Camp Lejeune Creates Utilities Conservation and Appraisal Board
February 28, 2003
Marine Corps Base Camp Lejeune, North Carolina, is striving to establish itself as the energy conservation leader in the Marine Corps. As one of the most diverse installations in the Marine Corps with numerous commands, activities, services, and tenants, the base is the largest energy consumer in the Corps, comprising 25 percent of all Marine shore facility energy consumption.
To meet the base's energy reduction challenge and educate the vast base population, Camp Lejeune has established the Utilities Conservation and Appraisal Board (UCAB). Camp Lejeune's UCAB is an advisory board with direct access to the commanding general. "The UCAB is charged to create policy for a progressive utilities conservation plan for Camp Lejeune and Marine Corps Air Station New River," said Jerry Rowlands, energy engineer/awareness coordinator, Camp Lejeune.
Some potential energy resource management areas that the UCAB will address include fuel switching, plant modernizations, operations and maintenance innovation, and enhanced methods of reporting.
The primary duties of the UCAB include:
- ensuring that subordinate commands assign an officer or senior civilian for energy resource management;
- establishing and maintaining an active energy awareness program;
- publicizing energy goals and progress toward those goals;
- auditing energy use and determining how, where, and by whom energy is used; and
- assigning a "building energy monitor" to each building to inspect energy conservation methods implemented by building occupants and check equipment for needed repairs on a weekly basis.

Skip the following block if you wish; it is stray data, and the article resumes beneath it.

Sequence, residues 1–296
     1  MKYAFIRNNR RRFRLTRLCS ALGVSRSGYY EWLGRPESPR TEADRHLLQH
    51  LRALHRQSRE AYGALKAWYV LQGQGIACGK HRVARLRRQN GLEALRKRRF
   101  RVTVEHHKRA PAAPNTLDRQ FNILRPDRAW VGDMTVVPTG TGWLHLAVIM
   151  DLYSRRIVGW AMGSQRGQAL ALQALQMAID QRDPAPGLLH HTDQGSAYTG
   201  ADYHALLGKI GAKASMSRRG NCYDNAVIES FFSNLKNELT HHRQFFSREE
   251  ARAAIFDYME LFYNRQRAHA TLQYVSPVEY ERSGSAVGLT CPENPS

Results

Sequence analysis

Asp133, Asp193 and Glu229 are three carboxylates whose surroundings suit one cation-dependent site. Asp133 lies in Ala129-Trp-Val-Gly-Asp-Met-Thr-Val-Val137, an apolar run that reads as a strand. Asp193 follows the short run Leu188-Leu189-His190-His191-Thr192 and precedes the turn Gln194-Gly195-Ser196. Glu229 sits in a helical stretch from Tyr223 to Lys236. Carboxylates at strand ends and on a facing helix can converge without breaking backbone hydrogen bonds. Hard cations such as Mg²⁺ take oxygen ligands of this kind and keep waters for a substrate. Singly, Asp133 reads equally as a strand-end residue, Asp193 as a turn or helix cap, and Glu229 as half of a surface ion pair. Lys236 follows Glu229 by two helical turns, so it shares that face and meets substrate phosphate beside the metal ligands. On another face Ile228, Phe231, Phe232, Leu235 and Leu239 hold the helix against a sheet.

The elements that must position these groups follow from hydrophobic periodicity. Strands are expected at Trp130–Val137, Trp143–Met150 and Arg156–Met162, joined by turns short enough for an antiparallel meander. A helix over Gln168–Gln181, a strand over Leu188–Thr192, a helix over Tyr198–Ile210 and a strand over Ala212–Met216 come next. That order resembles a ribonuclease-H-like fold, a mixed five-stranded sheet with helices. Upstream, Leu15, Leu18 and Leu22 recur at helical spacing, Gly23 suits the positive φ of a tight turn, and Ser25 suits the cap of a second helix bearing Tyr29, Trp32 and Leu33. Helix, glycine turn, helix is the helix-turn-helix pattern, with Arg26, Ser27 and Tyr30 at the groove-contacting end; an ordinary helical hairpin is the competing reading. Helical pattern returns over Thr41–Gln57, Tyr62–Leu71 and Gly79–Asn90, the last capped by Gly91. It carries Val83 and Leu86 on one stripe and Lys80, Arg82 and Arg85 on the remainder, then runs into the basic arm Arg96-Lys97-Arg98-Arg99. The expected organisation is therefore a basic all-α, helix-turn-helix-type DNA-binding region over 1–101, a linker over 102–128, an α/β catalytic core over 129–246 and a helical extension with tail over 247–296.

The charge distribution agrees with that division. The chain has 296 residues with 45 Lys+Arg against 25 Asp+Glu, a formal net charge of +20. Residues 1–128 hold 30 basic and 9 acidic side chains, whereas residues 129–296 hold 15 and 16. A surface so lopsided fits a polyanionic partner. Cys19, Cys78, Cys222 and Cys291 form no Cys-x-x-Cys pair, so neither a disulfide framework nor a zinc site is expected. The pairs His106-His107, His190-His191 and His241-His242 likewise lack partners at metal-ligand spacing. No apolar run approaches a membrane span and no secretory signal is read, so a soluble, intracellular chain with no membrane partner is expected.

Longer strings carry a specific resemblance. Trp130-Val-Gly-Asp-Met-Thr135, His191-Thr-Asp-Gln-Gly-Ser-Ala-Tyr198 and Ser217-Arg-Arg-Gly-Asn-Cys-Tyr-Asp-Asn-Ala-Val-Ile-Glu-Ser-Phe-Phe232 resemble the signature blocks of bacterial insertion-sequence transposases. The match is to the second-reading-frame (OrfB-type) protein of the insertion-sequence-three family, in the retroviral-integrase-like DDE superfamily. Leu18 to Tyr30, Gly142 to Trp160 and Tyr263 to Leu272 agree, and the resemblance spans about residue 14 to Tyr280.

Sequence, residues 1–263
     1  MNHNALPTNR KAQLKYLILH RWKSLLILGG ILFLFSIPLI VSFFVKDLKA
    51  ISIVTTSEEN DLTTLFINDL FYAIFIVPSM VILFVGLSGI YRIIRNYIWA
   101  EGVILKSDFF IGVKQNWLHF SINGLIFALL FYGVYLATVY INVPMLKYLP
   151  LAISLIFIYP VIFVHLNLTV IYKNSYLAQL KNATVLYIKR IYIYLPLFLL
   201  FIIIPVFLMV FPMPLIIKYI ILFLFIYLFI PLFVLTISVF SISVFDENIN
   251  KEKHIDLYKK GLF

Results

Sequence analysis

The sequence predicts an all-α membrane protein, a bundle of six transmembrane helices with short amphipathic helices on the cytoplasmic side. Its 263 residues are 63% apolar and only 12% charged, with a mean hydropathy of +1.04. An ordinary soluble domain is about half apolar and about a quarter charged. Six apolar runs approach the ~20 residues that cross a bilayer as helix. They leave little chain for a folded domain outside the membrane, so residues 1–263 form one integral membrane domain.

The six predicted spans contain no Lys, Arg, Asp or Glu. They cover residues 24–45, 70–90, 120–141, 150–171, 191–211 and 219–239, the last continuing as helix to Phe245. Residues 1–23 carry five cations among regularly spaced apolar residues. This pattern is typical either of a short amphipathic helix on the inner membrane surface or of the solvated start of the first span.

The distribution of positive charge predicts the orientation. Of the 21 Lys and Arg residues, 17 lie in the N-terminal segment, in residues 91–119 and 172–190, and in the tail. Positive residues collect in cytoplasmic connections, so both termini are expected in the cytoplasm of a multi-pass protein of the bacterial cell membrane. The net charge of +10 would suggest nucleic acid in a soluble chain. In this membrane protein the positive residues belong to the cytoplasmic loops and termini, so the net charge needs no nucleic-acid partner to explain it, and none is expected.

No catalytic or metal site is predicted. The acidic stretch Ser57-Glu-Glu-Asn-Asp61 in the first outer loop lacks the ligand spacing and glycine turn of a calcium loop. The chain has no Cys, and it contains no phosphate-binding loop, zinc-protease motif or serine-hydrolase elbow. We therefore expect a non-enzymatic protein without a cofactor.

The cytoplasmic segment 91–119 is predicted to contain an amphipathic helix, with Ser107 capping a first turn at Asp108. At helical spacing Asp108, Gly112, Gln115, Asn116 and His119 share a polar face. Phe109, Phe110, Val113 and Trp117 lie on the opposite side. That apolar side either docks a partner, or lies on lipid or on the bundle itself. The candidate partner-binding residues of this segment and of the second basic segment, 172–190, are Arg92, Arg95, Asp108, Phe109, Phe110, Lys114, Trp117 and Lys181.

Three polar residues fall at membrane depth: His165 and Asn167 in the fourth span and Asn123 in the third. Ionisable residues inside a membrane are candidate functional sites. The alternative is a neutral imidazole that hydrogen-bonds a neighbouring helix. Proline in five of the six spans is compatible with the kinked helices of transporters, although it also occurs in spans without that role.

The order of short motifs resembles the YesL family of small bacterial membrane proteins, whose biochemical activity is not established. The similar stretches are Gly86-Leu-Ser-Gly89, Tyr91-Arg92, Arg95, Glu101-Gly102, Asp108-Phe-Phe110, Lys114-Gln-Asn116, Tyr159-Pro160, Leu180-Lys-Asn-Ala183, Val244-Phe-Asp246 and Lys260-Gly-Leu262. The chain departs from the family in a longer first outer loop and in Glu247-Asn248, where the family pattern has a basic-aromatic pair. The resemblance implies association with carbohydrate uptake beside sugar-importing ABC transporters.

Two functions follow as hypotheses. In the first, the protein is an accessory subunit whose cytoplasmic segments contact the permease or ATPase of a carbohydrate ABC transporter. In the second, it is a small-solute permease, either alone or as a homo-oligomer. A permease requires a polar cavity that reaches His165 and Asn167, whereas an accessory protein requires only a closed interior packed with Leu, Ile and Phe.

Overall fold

"The goal of the program is to communicate with, and educate, the occupants on what they can do to increase energy conservation and to report any problems that need to be fixed," said Jim Sides, energy program manager, Camp Lejeune. Also "energy alert" e-mail messages are broadcast to lower energy consumption during high electricity price periods, and to educate Marines about the need for energy conservation. The alerts are circulated when electricity prices rise 3.5 times higher than the normal rate. This is determined by utility company "real-time market" pricing, which is established each day and is based on the utility company's calculation of system-wide demand and generation. The installations pay a fixed price for a set number of kilowatthours each day, anything more than that is charged at the real-time pricing rate. "When the messages come out, we do see decreases in energy used," said Sides. "The most dramatic decrease is at the end of the day; people turn more things off when there is an 'energy alert' than on a normal day."
UCAB meets quarterly and is chaired by the Public Works Resident Officer in Charge of Construction. The utilities director and energy program manager act in an advisory capacity to the UCAB.
"Establishing the UCAB is another example of Camp Lejeune's dedication to the commitment made by the Commandant of the Marine Corps to achieve all Federal energy reduction goals," said Sides. Through an active energy management program, increased energy awareness at all levels, and aggressive use of innovative conservation technologies, and funding sources, Camp Lejeune is actively taking a base-wide representative approach to implementing Federal energy conservation policy.